Home Film & Television Independent Cinemas In Canada are ‘In Crisis’, New Study reveals

Independent Cinemas In Canada are ‘In Crisis’, New Study reveals

Low public funding for independent cinemas could jeopardize the future of film festivals

by Benoit Guesneau
The lit Paradise Theatre sign reads, "T.O Short Film Festival 2024".
The Toronto Short Film Festival at Paradise Theatre, one of Canada’s many independent cinemas (OTR/Benoit Guesneau).

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A majority of independent cinemas are operating at a loss according to a new report by the Network of Independent Canadian Exhibitors (NICE).

Of the estimated 350 independent cinemas that currently operate across Canada, 67 of them provided feedback in the report. NICE found that 70 per cent of independent cinemas require increased public funding to remain operational.

Sonya William, a director at NICE, said it’s important to realize the significance that independent cinemas have for many communities across the country and what’s at stake.

“For many of these cinemas, it’s the only art or entertainment option that people have in their community,” said William. “They might not have access to the same audience, but we’re coming together right now to have a larger voice and to raise awareness.”

From the venues surveyed in the report, 34 per cent of them are the only cultural or entertainment option in their community.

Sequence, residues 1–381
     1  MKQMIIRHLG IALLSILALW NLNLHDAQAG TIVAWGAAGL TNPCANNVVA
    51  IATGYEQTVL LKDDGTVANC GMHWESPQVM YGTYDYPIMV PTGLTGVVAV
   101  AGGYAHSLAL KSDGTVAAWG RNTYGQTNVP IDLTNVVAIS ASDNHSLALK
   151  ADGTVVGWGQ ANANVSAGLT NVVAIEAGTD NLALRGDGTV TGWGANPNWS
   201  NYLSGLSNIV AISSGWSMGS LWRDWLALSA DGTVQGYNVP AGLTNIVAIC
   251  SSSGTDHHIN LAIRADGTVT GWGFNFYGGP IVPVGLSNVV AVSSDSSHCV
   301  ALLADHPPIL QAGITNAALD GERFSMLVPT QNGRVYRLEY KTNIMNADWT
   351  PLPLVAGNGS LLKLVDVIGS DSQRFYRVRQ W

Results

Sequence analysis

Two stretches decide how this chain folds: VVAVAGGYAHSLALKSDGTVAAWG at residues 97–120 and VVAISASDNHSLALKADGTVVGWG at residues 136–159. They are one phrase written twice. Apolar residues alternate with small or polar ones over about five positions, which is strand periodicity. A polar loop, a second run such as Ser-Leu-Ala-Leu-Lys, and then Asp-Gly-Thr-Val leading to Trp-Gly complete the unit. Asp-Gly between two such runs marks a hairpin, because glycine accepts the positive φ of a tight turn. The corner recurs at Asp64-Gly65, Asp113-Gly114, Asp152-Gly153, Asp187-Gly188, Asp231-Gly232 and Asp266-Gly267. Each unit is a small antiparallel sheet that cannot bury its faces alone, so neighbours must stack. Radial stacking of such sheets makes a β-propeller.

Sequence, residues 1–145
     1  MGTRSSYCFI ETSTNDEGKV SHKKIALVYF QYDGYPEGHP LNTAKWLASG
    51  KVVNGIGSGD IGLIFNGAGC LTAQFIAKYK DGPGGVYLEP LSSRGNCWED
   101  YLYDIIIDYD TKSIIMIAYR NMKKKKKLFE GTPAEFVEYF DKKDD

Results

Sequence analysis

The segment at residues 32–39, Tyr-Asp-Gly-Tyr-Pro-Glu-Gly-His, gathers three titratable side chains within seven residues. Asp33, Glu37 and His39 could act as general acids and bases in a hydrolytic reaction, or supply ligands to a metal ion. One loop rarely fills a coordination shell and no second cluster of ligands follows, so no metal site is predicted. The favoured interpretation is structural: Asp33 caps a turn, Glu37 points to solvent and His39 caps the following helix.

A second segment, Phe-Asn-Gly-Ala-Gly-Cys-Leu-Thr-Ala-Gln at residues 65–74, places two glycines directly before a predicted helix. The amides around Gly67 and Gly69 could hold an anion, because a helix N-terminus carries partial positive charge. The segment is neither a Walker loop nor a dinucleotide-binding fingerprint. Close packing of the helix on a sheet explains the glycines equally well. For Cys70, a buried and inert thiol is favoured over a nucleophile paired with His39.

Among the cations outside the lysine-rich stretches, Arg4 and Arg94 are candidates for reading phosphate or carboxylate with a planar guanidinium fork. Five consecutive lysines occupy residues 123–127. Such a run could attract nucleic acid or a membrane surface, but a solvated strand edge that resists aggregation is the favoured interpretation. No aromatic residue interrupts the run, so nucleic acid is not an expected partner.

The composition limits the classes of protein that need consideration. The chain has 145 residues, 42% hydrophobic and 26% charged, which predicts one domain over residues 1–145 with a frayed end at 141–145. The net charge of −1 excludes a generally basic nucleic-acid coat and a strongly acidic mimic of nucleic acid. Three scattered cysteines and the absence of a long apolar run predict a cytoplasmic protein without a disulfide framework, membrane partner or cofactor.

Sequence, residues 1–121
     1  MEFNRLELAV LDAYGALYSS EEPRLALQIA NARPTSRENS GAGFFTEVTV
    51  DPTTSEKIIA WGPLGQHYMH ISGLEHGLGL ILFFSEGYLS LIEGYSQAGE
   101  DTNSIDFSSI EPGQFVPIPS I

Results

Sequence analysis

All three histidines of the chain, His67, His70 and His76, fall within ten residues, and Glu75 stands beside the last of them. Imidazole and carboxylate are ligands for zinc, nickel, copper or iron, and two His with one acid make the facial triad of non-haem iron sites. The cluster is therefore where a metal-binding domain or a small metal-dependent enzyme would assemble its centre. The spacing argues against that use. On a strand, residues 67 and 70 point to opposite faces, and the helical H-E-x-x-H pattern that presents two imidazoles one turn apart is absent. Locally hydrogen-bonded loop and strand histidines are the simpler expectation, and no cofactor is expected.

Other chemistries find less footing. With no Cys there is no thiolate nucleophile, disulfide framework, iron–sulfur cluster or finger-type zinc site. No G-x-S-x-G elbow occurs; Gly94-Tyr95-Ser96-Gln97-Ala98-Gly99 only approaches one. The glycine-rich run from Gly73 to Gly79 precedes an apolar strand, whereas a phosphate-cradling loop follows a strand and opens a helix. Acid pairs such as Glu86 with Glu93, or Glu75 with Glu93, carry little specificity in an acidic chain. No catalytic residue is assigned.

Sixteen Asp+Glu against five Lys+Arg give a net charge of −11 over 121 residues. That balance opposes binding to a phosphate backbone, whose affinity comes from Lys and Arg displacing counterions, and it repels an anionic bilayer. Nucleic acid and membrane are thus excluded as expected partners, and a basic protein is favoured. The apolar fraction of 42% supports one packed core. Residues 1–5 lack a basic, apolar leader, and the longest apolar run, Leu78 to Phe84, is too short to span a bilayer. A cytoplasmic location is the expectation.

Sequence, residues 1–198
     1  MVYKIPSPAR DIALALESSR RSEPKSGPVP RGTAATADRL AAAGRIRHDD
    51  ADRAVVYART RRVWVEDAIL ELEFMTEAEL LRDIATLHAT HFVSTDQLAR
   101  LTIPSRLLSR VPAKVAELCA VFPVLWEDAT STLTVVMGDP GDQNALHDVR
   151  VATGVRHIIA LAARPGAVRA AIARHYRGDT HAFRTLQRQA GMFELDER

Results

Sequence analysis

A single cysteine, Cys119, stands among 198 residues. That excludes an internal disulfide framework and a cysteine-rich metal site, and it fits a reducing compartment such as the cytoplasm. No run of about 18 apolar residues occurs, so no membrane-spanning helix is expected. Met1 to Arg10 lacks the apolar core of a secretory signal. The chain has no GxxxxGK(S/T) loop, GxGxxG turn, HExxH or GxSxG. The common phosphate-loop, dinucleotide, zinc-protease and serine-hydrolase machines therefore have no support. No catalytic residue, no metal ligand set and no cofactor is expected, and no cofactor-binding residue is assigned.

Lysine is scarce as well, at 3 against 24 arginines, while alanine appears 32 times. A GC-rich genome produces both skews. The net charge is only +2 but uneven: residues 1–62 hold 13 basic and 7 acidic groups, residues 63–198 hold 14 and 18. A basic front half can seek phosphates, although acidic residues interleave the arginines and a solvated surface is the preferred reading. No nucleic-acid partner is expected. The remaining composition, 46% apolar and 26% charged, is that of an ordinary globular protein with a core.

William also said that if independent cinemas are forced to close, it will limit filmmakers’ ability to get exposure for their work.

“Independent cinemas are really critical as venues for film festivals. It’s not just they provide venues for film festivals, they create the potential for new films to be shown,” she said.

Paradise Theatre, an independent cinema on Bloor Street, concluded the Toronto Short Film Festival on Sunday.

Benjamin Del Vasto’s film, Sour Love, was screened at the film festival and he said the report published by NICE sheds light on what the loss of independent theatres could mean for aspiring filmmakers.

“Whether you’re a student or just a young filmmaker, such as myself, and you’re thinking, ‘How do I try to get my name out there? How do I get people to see my stuff?,’ And the festivals are often the only way,” he said.

Jacob Thompson, another filmmaker who had their film, Please Eat Organic, screened at the Toronto Short Film Festival, said, “It’s definitely a fear if these cinemas close down. It would represent not only a loss for the film community as a whole, but for independent film festivals. I think it would be hard for them to find a home at bigger cinemas like Cineplex.”

William said that there are unwritten rules when it comes to screening films at independent theatres which makes it difficult for them to acquire funding.

More than half of the respondents reported that they routinely have to wait for Cineplex, the country’s largest cinema chain, to stop showing a film in their zone in order to screen their films.

“We’re really trying to rework these policies. We don’t see a viable way for independent cinema to exist in Canada without a change in these policies. I mean it totally limits how fun and exciting an independent cinema is,” said William.

Del Vasto added that he hopes more people will return to theatres because it’s not the same experience you get from watching a movie at home.

“Even someone like me who considers myself a movie lover – It’s still hard to not get distracted by your phone. When you’re at the theatre, it’s an immersive experience. It’s really a great way to interact with the art form and often I think most filmmakers have that hope.”

This article may have been created with the use of AI software such as Google Docs, Grammarly, and/or Otter.ai for transcription.

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